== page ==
Ever since Max Weber and Frederick Taylor, public organizations have been told that effective practice lies in maximizing rationality through science. Yet science-based management reforms have had only marginal impact on performance. People in entry-level positions posses knowledge from direct experience of the work, management knowledge is often science-based and distanced from the work, and appointed top executives struggle to join bureaucratic rationality with political exigencies. From Pyramid to Circle: Knowledge and Power in Public Bureaucracies offers fresh thinking about public organizations, arguing that conflicting forms of knowledge may be found within the bureaucratic pyramid.
Answering the question of why management reforms over the past century have failed on their own terms, this book examines the existence of conflicting forms of knowledge within public bureaucracies, how these contradictory perspectives interact (or fail to interact), and the ways in which these systems preserve managerial efforts to control workers. Authors Carnevale and Stivers argue that bureaucratic rationality is not the “one best way,” as Taylor promised, and indeed, there is no one best way or model that can be deployed in all situations. The bureaucratic pyramid can, however, be made more effective by paying attention to circular processes that are widespread within the hierarchy, the authors argue, describing such circular processes as “facework.” This book will serve as an ideal supplement to introductory public administration and organizational theory courses, as well as courses for mid-career professionals, helping to frame their work experiences.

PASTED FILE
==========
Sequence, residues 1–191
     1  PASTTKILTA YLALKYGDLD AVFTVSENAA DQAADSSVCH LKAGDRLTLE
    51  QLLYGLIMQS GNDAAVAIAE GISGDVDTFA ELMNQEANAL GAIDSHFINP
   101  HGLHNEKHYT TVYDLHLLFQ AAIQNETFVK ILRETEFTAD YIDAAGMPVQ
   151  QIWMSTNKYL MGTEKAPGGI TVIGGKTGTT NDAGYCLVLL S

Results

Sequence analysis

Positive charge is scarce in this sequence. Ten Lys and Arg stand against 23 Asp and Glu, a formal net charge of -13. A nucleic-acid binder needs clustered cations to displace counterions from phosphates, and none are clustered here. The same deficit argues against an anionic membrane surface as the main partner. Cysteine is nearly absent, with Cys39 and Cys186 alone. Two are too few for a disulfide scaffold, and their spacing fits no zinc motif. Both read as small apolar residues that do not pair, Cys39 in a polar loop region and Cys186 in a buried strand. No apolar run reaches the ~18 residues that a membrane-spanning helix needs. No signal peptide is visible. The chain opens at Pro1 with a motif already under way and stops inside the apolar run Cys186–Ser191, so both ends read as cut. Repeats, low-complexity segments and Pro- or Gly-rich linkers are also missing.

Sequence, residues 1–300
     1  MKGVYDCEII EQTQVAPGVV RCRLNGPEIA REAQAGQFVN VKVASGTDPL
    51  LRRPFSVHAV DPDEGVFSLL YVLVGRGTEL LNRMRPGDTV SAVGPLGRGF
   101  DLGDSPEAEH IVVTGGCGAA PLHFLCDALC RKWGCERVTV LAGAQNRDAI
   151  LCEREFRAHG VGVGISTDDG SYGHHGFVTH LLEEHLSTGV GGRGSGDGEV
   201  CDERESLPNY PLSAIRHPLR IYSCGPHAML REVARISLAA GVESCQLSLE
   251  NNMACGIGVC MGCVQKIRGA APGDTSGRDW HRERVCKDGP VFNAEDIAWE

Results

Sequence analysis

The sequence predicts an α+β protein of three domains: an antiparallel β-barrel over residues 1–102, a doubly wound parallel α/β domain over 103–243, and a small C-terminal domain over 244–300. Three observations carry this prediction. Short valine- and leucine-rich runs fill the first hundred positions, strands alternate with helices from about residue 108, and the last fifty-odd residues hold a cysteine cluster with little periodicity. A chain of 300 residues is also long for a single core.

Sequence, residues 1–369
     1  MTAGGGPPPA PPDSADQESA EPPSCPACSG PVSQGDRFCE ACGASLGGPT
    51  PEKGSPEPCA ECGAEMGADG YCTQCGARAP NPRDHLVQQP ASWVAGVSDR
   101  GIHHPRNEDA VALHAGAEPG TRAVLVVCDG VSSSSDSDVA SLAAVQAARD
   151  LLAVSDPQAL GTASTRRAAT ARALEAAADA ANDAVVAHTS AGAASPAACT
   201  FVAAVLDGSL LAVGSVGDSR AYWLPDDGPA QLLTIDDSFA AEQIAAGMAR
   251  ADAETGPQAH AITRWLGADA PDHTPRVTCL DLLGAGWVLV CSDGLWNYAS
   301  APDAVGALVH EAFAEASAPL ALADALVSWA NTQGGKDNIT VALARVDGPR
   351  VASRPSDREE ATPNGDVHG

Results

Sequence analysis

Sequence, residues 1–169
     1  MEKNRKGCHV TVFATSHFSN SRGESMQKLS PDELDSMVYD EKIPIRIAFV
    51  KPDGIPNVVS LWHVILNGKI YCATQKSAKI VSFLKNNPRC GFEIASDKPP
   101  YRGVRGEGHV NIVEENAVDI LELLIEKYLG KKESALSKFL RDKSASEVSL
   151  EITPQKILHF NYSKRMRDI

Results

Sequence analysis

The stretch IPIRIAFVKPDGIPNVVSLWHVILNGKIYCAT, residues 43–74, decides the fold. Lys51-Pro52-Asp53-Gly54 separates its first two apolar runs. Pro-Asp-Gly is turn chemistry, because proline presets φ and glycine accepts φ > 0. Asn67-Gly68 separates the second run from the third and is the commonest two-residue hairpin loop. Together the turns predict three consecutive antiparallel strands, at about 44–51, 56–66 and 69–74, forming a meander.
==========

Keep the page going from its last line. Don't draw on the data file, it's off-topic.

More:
Preface Part I: Pyramids 1. The Failure of Management Reforms: A History 2. Knowing in the Public Organization: The Pyramid of Knowledges 3. What Workers Know—And How 4. The Manager’s Hat 5. Executives at the Top: A Balancing Act Part II: An Illustration 6. The VA Case: Democratic Ideals and Bureaucratic Means Part III: Circles 7. From Pyramid to Circle: The Power of Facework 8. The Logic of Reasonableness: Experience, Judgment and Dialogue in Administrative Practice 9. The Dialogic Circle, Conflict Resolution and Collective Bargaining 10. Circles of Trust in Public Pyramids 11. Authentic Ethics in the Bureaucracy 12. Competing Knowledges and Public Service Education Reference List